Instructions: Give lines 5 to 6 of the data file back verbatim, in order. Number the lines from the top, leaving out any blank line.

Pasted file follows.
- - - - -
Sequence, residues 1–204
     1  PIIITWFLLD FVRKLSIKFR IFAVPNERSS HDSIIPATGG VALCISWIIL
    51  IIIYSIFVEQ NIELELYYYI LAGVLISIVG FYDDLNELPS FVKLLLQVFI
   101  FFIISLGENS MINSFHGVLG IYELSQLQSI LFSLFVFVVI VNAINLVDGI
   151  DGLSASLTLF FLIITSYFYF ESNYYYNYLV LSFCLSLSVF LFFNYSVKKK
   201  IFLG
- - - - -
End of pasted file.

   151  DGLSASLTLF FLIITSYFYF ESNYYYNYLV LSFCLSLSVF LFFNYSVKKK
   201  IFLG